Academic journal article Bulletin of the World Health Organization

Control of Malaria: A Successful Experience from Vietnam. (Research)

Academic journal article Bulletin of the World Health Organization

Control of Malaria: A Successful Experience from Vietnam. (Research)

Article excerpt

Voir page 665 le resume en francais. En la pagina 665 figura un resumen en espanol.

Introduction

Malaria remains a threat to almost 50% of the world's population. With 200 million estimated new cases and 1-2 million deaths per year, the disease remains a major cause of morbidity and mortality (1, 2). No new methods of controlling malaria have appeared since the introduction of insecticide-treated bednets (ITBNs) in the 1980s, and they are not expected in the near future. A control strategy comprising proper application of existing means is advocated: early diagnosis and treatment (EDT) of symptomatic malaria to prevent progression to severe and potentially fatal stages; preventive measures including use of ITBNs and selective residual spraying; and prediction, containment and, if possible, prevention of epidemics; and strengthening of local capacities (2, 3). Although use of ITBNs has been shown to reduce malarial morbidity and mortality, this measure needs to be supported by an adequate health care system providing EDT, possibly at the household level (2, 4). WHO advocates the combined approach of ITBNs and EDT in its Roll Back Malaria initiative, but there has been little study of the combined efficacy of these two approaches (5).

In Viet Nam, malaria became a serious problem during the late 1980s and early 1990s. In 1991, a total of 1 642 000 cases of uncomplicated malaria, 32 000 cases of severe malaria, and 4650 deaths from the disease were reported, and resistance to chloroquine and sulfadoxine-pyrimethamine was widespread (6). The mountainous, forested regions of the country, which have limited basic health care facilities, and are populated by ethnic minorities, were especially affected. In 1992, a malaria control strategy based on the above-mentioned principles was adopted. It was decided that diagnosis and treatment of malaria should be free, and two important elements were added to the basic approach: development and application of artemisinin drugs; and health education at the community level. The price of drugs such as mefloquine on the international market was an important incentive for the development and use of artemisinin drugs.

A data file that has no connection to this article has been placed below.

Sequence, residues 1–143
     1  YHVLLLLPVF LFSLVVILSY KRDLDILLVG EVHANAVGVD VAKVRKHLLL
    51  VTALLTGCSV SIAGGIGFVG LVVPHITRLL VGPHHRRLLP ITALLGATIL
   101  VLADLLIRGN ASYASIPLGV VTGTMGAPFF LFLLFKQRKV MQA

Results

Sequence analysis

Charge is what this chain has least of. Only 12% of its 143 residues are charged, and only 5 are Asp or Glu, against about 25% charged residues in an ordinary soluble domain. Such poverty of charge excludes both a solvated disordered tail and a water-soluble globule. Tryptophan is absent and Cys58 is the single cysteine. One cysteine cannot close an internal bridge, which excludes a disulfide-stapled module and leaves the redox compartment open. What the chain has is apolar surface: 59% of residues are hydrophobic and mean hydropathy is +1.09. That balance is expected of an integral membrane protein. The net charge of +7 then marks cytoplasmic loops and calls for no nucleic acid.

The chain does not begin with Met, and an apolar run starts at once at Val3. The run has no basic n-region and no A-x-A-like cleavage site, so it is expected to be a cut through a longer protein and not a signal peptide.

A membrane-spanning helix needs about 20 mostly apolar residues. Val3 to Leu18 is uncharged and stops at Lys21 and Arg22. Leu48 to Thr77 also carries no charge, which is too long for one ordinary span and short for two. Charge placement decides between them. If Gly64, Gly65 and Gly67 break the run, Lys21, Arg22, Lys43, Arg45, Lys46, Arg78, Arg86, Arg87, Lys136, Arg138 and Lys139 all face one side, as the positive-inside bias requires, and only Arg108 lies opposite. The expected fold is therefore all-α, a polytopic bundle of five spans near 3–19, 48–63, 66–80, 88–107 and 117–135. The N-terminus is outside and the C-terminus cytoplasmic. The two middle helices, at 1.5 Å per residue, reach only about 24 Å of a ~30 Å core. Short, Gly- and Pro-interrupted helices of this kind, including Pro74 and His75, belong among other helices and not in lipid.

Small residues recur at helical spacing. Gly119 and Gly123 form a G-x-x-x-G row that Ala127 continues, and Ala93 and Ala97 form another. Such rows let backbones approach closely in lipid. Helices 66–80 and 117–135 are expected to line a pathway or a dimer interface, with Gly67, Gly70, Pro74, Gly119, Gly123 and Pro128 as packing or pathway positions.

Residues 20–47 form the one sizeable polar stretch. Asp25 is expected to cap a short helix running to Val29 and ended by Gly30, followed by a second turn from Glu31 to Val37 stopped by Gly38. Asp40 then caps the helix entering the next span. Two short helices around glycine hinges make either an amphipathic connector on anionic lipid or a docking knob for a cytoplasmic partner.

A programme of malaria control was started in Binh Thuan Province, in the south of Viet Nam, in accordance with national guidelines. All health posts were provided with a microscope and health staff were trained in diagnosis and treatment of malaria. Support was obtained from several parties, including nongovernmental organizations, and through scientific collaboration projects. The present paper reports the results of an assessment of the effectiveness of this combined approach in an ethnic minority commune, Phan Tien, carried out using a longitudinal follow-up of the population and annual surveys carried out from 1994 to 1999.

Methods

Population and study site

Phan Tien village, an ethnic minority community, is situated in Bac Binh district in the mountainous part of Binh Thuan Province. The population is composed of several ethnic minority groups. Phan Tien has been in existence for approximately 20 years' as one of the areas for resettlement of members of displaced hill tribes, and there is still some influx of families. People live in families of 5-6 persons in one hut; the huts have clay walls and a thatched roof. In 1993, a primary school was started; it also serves families of a nearby commune. Prior to 1999, Phan Tien was isolated: during the wet season it could not be reached by car and in the dry season only after a drive, of several hours in an all-terrain vehicle. However, a permanent, gravel road, built in 1999, substantially increased the movement of people to and from the village. There is no electricity, and until 1994 the water supply was from a small river. In 1994, the first wells were drilled with the help of UNICEF. The people lived from subsistence farming, mainly rice and forest labour. Food supplies were supplemented under the national malnutrition programme. …

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